MORTGAGE lending rose at the end of last year compared to 12 months earlier, yet levels remain relatively deflated.
Gross mortgage lending in quarter four of 2011 reached £37.2bn – up on £33.6bn in the final quarter of 2010.
Yet total loans are significantly lower than before the credit crunch. Gross mortgage lending last year came to nearly £140bn, compared to £362.7bn in 2007.
“Many tenants are either finding it hard to make that leap to making their first purchase or simply don’t feel confident enough to move against a backdrop of increasing unemployment and bad news continually coming from the Eurozone,” explained Legal & General’s Ben Thompson.
However, Thompson suggested that the market would pick up as some point in the future. “There is a lot of pent up demand,” he said, “and sooner or later confidence will return and people will find a way to move.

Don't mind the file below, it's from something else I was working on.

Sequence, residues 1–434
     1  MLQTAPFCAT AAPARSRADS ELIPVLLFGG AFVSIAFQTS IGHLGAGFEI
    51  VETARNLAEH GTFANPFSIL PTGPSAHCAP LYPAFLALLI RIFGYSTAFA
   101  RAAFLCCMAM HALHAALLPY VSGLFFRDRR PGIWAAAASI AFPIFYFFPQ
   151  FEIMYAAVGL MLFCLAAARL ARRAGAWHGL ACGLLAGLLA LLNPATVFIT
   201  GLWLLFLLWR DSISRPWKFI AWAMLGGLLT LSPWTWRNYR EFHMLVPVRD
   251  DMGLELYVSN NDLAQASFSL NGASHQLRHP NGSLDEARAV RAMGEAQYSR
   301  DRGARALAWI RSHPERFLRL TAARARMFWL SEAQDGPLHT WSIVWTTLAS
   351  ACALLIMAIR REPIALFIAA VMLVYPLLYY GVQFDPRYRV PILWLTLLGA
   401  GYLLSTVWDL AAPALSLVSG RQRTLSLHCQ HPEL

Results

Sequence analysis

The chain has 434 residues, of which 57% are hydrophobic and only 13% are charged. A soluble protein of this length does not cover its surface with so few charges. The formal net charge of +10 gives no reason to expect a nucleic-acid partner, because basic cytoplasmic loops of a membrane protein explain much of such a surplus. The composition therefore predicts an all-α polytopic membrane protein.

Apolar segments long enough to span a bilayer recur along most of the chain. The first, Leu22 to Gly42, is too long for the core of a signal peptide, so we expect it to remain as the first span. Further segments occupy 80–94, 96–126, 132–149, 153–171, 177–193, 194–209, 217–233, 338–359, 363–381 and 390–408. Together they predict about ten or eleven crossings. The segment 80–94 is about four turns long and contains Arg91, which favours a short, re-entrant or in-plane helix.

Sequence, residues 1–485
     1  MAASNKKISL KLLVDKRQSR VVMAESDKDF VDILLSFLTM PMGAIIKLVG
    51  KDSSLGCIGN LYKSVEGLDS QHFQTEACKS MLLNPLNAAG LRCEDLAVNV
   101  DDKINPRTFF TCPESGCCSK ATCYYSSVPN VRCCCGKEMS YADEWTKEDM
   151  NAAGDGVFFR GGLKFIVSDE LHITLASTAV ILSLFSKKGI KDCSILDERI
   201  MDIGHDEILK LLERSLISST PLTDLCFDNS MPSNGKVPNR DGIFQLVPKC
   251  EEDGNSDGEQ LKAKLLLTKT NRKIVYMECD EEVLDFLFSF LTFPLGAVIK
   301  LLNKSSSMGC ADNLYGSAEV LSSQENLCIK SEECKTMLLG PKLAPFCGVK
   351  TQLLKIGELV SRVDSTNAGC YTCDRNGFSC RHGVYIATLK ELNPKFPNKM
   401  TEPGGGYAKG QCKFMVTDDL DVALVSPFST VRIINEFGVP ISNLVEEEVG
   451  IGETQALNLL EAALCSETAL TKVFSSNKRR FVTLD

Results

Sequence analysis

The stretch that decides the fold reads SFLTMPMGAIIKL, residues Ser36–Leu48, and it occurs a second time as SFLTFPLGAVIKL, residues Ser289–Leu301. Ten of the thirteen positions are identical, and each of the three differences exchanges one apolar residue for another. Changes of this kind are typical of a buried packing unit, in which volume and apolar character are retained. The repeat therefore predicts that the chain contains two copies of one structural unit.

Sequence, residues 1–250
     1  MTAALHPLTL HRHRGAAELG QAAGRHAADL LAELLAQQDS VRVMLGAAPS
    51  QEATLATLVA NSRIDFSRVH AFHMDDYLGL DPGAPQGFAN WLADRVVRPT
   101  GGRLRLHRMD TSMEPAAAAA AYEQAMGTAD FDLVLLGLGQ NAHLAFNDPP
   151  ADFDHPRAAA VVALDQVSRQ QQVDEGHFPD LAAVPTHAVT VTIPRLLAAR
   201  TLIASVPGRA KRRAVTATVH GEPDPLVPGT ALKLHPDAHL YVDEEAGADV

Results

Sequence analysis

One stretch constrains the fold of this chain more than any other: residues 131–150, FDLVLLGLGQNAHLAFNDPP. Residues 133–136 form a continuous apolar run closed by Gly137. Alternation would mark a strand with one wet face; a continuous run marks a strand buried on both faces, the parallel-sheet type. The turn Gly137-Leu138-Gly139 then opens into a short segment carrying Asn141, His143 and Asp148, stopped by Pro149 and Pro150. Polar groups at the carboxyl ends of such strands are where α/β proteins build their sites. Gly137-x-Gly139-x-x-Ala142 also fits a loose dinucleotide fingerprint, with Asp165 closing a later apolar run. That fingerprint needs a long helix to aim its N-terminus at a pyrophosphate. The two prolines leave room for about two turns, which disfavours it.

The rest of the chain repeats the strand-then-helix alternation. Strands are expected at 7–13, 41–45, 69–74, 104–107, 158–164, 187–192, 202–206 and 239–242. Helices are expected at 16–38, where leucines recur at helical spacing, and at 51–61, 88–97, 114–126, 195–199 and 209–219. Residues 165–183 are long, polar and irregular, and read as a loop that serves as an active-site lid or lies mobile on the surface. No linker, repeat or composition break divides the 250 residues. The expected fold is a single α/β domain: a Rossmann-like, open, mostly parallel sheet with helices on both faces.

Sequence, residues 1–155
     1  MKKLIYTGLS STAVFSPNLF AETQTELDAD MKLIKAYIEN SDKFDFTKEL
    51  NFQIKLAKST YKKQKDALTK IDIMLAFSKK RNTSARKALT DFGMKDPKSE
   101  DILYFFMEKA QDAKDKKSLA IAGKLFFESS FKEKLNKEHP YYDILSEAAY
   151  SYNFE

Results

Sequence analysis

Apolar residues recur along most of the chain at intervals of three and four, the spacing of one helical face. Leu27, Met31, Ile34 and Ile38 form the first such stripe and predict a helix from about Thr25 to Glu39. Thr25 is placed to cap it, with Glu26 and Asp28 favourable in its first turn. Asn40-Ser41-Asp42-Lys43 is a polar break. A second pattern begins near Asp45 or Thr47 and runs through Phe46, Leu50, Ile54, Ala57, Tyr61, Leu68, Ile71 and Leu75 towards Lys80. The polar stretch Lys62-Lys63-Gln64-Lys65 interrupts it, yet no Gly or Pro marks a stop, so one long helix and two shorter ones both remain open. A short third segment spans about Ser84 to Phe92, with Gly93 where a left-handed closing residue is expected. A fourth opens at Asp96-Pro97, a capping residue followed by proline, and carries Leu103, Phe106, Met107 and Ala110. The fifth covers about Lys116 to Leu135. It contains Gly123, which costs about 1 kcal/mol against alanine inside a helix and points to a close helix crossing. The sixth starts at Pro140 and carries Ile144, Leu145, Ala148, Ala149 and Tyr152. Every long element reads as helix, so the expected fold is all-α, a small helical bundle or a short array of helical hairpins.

“Remortgaging has held up nicely, and reflects the competitive deals offered by lenders in the autumn which created good incentive to switch to better rates.”
Gross lending was 12 per cent higher in December than a year prior. Yet loans for mortgages in the final three months of the year were lower than in the third quarter of 2011.
The Council of Mortgage Lenders (CML), which compiled the data, talked down yesterday’s figures, saying the rise was “from low [comparative] levels”.